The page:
As of December, 49 local governments in Florida had red-light cameras in operation, according to the state Department of Highway Safety and Motor Vehicles.
Justices said a local government could use a private contractor to review images — so long as a city officer makes the ultimate decision on whether to issue a ticket.
Several justices appeared skeptical as that the way a Florida city handles citations issued to motorists caught on camera is unlawful.
The plan, termed a “wind down agreement,” would end the operation of the cameras by March 31 “by mutual agreement.” But Palm Coast would have to pay ATS $16,000 to remove equipment.
State data showing increased crashes at red-light camera intersections adds momentum to the Florida’s latest effort to ban the cameras, but similar attempts have failed in the Senate before.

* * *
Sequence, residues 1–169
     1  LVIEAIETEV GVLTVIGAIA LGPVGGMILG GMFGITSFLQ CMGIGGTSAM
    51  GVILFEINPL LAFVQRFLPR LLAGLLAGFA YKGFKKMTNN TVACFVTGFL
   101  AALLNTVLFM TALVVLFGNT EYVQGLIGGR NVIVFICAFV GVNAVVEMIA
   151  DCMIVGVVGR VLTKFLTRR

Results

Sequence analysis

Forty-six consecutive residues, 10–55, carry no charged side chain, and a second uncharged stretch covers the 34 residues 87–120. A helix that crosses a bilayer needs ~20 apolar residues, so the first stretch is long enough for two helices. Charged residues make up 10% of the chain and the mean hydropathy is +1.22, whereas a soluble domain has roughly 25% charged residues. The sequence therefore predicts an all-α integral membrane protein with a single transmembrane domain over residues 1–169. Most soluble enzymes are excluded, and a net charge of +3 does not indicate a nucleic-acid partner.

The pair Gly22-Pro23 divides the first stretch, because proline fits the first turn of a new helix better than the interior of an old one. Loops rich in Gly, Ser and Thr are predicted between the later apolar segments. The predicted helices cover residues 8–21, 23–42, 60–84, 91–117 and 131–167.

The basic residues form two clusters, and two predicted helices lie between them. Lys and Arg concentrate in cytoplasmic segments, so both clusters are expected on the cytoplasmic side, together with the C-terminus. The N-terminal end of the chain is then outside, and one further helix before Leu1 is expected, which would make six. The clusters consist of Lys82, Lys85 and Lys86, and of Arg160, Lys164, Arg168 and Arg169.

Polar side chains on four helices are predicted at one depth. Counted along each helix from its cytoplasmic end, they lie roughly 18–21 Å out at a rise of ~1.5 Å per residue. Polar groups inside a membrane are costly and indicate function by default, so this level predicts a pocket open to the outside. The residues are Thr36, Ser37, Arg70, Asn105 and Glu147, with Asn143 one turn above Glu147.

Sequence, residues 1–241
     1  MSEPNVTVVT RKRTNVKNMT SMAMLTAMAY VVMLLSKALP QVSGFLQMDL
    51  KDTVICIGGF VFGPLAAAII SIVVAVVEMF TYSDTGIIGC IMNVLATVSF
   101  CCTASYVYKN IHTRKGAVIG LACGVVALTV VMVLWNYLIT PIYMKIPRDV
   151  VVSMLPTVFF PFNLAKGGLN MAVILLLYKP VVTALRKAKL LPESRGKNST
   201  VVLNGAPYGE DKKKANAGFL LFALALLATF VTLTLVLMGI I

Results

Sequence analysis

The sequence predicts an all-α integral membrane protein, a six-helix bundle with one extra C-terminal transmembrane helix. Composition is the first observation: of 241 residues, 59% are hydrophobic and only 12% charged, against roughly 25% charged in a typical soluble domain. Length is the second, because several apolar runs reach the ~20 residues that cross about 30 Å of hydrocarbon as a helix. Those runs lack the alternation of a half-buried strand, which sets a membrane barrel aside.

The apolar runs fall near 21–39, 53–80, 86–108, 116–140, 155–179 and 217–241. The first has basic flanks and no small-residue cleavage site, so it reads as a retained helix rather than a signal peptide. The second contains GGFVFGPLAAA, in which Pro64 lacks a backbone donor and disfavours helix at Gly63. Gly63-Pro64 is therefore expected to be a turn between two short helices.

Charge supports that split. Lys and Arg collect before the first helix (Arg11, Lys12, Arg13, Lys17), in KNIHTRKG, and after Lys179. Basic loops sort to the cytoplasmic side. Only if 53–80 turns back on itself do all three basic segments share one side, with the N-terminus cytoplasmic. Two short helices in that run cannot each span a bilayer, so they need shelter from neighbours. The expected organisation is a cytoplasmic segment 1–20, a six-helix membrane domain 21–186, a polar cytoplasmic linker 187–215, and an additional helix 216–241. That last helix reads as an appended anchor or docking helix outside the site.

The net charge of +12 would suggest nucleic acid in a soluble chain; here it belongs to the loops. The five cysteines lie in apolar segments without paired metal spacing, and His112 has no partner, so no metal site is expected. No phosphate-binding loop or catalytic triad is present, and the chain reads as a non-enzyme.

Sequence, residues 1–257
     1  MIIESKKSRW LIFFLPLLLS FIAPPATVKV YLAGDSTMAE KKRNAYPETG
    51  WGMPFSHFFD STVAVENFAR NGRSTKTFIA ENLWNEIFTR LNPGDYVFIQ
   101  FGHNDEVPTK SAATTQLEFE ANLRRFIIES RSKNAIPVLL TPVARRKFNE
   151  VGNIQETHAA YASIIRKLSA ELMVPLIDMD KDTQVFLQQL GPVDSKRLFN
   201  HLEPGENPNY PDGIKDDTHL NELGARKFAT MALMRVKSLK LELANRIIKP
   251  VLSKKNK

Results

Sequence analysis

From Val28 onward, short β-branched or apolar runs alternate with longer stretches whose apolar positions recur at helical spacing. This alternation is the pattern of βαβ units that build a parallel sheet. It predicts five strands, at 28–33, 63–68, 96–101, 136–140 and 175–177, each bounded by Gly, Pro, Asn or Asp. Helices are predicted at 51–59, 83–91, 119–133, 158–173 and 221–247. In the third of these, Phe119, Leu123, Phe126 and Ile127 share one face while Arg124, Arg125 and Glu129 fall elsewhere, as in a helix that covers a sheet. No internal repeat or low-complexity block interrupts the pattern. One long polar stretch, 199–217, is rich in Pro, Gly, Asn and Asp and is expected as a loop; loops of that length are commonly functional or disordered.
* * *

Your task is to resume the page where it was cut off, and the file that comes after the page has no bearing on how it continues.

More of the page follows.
A new report by the Florida highway safety department shows crash increases that belie claims that red-light cameras have made intersections safer. Palm Coast’s cameras are set to come down this year.
The decision by the 11th Circuit Court of Appeals is a reminder that Palm Coast is still not clear of the legal shambles that have surrounded the cameras. That class-action suit can now go forward, with drivers claiming they’d been wrongly fined.
A court upheld Aventura’s program, which relies on police, not the private contractor, to make decisions about ticketing motorists. But the court wants the supreme court to decide the issue more finally.
Sen. Jeff Brandes’ measure would repeal a law known as the Mark Wandall Traffic Safety Act of 2010 and, as a result, prevent local governments from using the cameras for traffic enforcement.
Palm Coast’s decision not to settle a lawsuit against it had looked like a mistake once the Supreme Court ruled red-light cameras illegal, until the plaintiff died and was not replaced on the lawsuit, allowing the city to slither out of the it.